Thank you

Veteran’s Day makes me think of my father. To say he fought in a war doesn’t really describe his experience. He served his country proudly, and in doing so, endured horrors that visited him from time to time for the rest of his life.

I remember asking him about his time in the service. One story that I’ll never forget was about his time in the Corps of Engineers when he was responsible for making sure his unit had the ammunition they needed to fight. More than once, he had to collect munitions from the dead – men he served with and called friends, so he could supply the ones still fighting.

He stepped over bodies on ground soaked in blood. He was in hostile territory recovering arms and ammo.

I could see the pain in his eyes as he told me this story. In reliving that moment, he gave me a unique insight into war that had never occurred to me before. I’d always thought of war in general terms: people fight, people die, it’s all terrible. But this was specific. His friends fought. His friends died, and it was more than terrible. It was something no one should have to experience. He was in the middle of it, and although he was happy to survive, part of him died that day and never returned when they shipped him home.

He was just a kid of 18 or 20. So very young, but not too young to die.

We see men in their 60’s, 70’s, and 80’s, and recognize them as veterans. But that title isn’t limited to old men. Young men and women continue to come home destroyed by things they’ve seen in conflict. They all bear scars. We see the physical ones. Some of those scars are in place of limbs. Some are completely debilitating. We don’t see the mental ones. The soul-crushing ones. The ones tattooed inside their eyelids that visit them when they try to sleep.

We need to turn the spotlight on the real heroes. Not the people in Hollywood. Not the men on the gridiron. Those people get paid to do what they love. The true heroes made a sacrifice, and often many sacrifices, to keep our country free.

From the depths of my heart, thank you to all who served.

Brainwashing of the Innocent and Naive

If you are not following Insane in the Mom-Brain on Facebook, stop right now and go over to Facebook and follow her. While you are there, read her latest post about the church she went to as a child. I’ll wait.

Welcome back. Now I’ll tell you my story.

When I was a little kid, we were dropped off for Sunday School every week so mom could go back home and sleep off her hangover. Then she went to a Billy Graham Crusade (if you remember them, say Hallelujah!) and got all saintly and shit. From then on we had to go to church on Sunday morning, evening, and Wednesday night. That church didn’t suck too bad, except for the obligatory church summer camp that had none of the good stuff of a real summer camp, except I did get to make a macaroni necklace once. That’s when I discovered that raw pasta is nice and crunchy. Of course, years later I found out it’s not really good for you, but by then I could afford to buy my own potato chips.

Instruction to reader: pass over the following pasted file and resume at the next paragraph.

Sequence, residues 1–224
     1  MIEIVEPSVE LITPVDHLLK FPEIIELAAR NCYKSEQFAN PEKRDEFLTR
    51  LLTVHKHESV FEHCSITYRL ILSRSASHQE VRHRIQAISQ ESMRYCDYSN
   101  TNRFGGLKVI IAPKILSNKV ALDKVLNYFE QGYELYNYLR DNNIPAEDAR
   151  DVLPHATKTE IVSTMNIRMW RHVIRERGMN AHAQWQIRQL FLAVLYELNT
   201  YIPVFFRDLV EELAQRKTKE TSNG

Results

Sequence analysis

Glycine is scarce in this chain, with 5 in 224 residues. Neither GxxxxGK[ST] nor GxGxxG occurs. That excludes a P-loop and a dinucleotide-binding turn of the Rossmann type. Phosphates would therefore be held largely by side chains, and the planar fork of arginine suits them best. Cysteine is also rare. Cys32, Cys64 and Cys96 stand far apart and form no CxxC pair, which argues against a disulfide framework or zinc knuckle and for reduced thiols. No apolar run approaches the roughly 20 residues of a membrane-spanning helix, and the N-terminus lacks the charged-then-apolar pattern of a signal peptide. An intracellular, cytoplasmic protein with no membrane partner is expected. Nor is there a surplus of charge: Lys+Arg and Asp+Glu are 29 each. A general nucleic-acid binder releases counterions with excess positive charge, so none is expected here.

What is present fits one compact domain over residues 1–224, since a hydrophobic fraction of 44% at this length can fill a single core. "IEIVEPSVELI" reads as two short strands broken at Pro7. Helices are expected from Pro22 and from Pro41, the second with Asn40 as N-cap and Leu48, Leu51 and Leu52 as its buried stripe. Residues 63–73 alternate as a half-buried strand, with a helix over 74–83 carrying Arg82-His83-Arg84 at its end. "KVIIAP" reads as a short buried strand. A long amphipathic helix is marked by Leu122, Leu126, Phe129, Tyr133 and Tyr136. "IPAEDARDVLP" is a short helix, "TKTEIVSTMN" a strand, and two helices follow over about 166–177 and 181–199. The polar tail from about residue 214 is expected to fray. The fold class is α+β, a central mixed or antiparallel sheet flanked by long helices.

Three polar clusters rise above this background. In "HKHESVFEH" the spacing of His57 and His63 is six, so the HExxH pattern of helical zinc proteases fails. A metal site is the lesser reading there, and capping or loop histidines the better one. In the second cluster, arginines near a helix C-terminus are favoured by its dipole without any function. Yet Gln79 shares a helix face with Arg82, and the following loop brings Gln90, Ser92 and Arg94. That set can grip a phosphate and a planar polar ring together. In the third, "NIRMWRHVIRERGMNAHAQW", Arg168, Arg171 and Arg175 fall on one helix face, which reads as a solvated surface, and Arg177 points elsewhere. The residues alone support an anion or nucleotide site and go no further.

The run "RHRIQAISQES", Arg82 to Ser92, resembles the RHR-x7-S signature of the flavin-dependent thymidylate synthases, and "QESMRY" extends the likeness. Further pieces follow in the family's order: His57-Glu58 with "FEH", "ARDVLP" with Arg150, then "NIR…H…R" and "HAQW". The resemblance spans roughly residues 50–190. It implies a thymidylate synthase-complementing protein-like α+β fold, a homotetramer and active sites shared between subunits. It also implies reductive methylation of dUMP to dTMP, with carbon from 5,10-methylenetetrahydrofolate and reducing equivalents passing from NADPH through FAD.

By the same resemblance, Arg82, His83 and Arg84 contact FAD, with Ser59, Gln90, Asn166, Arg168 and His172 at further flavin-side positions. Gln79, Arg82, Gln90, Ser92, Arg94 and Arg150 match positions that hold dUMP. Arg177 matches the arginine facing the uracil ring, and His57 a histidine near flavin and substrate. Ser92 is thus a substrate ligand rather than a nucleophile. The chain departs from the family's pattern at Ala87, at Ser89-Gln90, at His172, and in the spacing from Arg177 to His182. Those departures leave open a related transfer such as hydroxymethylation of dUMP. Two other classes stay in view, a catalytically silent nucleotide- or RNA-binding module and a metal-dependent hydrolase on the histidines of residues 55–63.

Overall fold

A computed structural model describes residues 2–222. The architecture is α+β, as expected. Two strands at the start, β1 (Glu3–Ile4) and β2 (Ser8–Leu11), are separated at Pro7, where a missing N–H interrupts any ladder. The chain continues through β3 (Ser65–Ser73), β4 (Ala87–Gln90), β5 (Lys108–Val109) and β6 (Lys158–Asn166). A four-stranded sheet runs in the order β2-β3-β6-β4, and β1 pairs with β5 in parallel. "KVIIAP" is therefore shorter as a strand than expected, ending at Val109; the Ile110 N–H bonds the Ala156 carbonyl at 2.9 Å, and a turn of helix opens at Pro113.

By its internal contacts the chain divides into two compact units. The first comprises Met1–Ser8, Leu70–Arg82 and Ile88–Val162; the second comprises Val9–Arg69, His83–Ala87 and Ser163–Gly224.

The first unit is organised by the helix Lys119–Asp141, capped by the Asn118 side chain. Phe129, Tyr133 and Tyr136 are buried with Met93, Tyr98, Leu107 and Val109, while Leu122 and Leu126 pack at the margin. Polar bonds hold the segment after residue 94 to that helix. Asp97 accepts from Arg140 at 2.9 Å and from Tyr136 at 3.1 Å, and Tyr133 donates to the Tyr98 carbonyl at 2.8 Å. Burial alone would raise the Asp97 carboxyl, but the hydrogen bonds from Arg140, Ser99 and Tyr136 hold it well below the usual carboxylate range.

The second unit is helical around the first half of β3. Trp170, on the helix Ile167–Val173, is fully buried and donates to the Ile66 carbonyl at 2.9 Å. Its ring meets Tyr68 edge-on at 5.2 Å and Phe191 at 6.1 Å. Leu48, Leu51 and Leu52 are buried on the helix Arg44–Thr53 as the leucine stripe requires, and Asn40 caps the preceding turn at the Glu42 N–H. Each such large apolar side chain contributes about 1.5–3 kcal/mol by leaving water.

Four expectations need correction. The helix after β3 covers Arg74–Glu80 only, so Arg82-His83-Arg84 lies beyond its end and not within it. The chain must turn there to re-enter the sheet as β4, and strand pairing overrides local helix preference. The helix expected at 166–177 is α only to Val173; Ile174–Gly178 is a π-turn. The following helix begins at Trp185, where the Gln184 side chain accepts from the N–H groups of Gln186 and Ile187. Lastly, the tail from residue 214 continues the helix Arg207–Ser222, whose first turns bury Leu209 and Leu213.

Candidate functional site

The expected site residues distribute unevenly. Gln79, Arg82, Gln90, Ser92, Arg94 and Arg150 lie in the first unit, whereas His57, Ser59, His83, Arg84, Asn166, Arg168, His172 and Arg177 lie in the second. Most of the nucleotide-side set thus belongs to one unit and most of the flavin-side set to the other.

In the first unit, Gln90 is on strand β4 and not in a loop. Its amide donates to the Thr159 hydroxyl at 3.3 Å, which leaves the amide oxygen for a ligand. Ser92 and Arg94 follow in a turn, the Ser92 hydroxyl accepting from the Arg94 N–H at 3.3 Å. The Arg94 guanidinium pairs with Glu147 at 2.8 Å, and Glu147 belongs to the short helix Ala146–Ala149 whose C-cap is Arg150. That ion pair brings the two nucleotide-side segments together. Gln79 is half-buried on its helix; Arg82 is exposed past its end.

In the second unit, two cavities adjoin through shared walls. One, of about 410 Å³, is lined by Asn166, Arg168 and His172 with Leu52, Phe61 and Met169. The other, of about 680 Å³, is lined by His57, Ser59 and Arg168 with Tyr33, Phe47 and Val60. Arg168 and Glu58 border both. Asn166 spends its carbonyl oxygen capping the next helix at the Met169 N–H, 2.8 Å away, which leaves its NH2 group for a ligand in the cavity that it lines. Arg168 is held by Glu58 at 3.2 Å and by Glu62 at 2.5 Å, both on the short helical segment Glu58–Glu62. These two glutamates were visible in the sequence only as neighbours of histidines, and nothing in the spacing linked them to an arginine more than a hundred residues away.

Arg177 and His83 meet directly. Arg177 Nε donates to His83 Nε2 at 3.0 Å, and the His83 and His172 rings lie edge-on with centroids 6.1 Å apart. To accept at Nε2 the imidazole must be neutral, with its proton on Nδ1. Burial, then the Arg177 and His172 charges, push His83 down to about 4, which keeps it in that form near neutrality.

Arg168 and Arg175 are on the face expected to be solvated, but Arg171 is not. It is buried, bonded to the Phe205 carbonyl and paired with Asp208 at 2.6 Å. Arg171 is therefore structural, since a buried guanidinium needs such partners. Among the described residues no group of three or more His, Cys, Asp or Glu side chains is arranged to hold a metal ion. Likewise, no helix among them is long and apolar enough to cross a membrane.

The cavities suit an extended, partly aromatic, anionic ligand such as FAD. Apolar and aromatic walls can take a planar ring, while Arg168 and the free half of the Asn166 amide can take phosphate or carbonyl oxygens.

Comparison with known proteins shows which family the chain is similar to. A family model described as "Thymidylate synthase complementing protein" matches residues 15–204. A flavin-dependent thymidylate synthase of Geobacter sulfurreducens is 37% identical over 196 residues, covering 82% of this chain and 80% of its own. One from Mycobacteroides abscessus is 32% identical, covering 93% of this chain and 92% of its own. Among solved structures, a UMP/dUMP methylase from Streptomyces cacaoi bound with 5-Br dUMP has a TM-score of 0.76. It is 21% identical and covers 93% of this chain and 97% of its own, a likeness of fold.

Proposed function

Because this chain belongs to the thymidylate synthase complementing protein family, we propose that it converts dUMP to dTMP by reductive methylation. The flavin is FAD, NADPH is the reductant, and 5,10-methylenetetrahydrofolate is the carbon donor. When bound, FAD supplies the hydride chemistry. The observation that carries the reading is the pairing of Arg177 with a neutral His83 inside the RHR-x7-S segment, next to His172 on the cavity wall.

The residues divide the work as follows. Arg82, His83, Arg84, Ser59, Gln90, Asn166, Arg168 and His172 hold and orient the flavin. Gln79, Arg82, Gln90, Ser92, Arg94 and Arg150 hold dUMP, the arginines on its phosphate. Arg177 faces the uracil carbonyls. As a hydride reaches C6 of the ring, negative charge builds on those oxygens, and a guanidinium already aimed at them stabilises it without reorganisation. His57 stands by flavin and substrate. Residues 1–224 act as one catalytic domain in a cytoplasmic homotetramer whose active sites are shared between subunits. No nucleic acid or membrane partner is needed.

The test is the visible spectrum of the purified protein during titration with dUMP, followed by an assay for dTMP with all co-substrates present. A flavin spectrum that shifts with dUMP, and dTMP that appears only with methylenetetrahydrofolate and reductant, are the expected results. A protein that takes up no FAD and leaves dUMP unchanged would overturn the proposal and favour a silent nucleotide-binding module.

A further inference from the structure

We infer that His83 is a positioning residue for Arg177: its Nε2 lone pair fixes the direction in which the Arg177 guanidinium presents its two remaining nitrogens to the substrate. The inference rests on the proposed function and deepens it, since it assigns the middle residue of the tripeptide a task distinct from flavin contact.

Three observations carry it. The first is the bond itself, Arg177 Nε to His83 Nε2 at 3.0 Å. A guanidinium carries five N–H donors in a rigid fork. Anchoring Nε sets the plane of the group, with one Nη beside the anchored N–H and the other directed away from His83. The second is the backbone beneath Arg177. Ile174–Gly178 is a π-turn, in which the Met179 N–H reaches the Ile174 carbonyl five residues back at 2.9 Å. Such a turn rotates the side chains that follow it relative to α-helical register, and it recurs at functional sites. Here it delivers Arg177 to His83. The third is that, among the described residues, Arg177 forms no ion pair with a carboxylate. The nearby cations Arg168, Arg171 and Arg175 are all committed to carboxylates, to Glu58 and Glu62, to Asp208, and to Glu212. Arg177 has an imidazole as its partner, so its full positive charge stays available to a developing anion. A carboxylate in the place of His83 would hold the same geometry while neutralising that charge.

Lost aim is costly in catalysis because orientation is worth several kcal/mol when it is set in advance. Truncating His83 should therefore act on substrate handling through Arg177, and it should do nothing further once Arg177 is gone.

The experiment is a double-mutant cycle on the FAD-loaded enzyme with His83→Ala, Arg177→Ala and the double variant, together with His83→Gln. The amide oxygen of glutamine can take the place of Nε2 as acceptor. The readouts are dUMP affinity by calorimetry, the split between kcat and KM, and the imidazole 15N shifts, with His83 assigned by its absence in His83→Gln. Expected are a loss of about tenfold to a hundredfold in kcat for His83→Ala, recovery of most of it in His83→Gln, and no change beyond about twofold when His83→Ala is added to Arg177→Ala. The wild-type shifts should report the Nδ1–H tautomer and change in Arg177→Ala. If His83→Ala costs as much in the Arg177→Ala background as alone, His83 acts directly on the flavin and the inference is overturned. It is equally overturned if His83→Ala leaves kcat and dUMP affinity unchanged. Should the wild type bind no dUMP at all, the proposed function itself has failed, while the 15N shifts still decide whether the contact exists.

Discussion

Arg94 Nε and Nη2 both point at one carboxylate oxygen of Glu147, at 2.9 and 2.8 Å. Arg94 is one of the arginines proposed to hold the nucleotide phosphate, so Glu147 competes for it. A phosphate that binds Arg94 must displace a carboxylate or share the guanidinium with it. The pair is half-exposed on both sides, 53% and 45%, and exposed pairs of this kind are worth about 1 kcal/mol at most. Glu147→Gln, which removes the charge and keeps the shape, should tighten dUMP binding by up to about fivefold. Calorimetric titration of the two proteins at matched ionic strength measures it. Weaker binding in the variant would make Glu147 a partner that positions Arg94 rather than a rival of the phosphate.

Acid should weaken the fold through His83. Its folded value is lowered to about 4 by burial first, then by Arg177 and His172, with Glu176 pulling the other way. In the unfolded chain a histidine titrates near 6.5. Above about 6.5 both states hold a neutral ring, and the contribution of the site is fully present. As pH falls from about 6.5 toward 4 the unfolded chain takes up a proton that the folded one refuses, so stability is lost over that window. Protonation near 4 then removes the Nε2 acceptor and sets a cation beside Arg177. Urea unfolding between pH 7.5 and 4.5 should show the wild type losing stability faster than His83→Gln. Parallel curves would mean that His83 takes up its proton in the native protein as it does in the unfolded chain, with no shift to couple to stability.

I was so afraid of committing The Unforgivable Sin, because I didn’t know what it was, so there was a chance I could do it accidentally and end up in Hell, which WASN’T REALLY MY FAULT if nobody told me, right? That’s when I decided God was just as big an asshole as my stepfather, without all the actual abuse.

And then someone said The Unforgivable Sin was blasphemy, and I wasn’t sure if that was swearing, or if it was something worse because again NOBODY EXPLAINED EXACTLY WHAT IT WAS. It’s kind of like going to a foreign country, breaking one of their stupid laws, and ending up in prison for the rest of your life, which could have avoided it if someone would have just told you it’s a crime to eat cheese on Sunday.

I was also afraid of being possessed by a demon, but then I saw the Exorcist, which convinced me that only Catholics get possessed, so that calmed me down a bit.

When I was 13, we moved (in a very stealthy way so our Dad didn’t know where we went, but that’s a whole ‘nother story of abuse) and Mom started dragging us to a Pentecostal church just as crazy as the one she describes. People would shout “Amen” and “Hallelujah” and all kinds of stuff while the preacher would be speaking so passionately they’d be spitting all over the damn place, and by the end of the service, had practically no voice at all. There was dancing and screaming, speaking in tongues, and laying on of hands. And lots of prayer. Loud praying. Totally freaky shit.